Pediatricians warn of supply bottlenecks in Germany
The professional association of paediatricians warns of a supply shortage in Germany. The reason for this is the baby boom in big cities.
“Germany has experienced an almost historic baby boom for five years now,” reports the Association of Paediatricians (BVKJ). According to the Federal Statistical Office, 776,883 babies were born in Germany in 2016 – that is almost 19 percent more than 5 years ago!
Reason for this are subsidies, such as the parental allowance or the improved care options for children.
German health care system with Baby Boom overwhelmed
The great joy of the increase in births is now followed by the shock: The health system is overwhelmed with the baby boom. Specifically, this looks like this in everyday life:
- For the first check-ups of the children parents have to calculate long waiting times in medical practices – the surgeries are overcrowded.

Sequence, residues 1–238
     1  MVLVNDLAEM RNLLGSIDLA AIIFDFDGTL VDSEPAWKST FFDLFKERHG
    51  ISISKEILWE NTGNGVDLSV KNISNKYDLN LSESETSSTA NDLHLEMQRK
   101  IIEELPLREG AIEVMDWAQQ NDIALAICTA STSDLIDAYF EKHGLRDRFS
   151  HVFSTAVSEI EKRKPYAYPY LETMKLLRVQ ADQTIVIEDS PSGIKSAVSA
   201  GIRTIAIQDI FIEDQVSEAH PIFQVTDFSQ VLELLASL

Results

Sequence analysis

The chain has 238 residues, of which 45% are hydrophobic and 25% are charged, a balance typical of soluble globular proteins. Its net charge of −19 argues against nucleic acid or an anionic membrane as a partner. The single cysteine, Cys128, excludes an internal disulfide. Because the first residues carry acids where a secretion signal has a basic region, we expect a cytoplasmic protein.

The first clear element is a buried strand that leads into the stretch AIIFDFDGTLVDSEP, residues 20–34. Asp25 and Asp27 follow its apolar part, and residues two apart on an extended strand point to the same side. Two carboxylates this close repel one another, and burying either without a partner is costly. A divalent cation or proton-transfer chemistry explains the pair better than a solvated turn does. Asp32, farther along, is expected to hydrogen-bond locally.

- Paediatricians can no longer accept new patients in many places.
- A whole generation of paediatricians is retiring – there are too few new paediatricians behind.
- Younger paediatricians rarely work full-time. Understandably, considering that full-time physicians used to have a 50 to 60 hour week earlier.
- Many paediatricians now specialize in a specific field, eg allergology, cardiology, rheumatology. As a result, they have less time for the basic care of children and adolescents.
Lack of paediatricians, long waiting times
How can you solve this dilemma? BVKJ president dr. Thomas Fischbach demands:
- A reorientation of the requirements planning: The need for paediatricians should be determined and adapted regionally.
- More young physicians in the field of pediatrics inspire. Among other things by additional remuneration of “overtime”, which comes about with new provisions and vaccinations.
- Financial support of further education to the pediatrician.
However, these demands can only be met in the long term. Until then, it means for parents: make friends with long waiting times at the pediatrician and arrange appointments for preliminary examinations and vaccinations long in advance.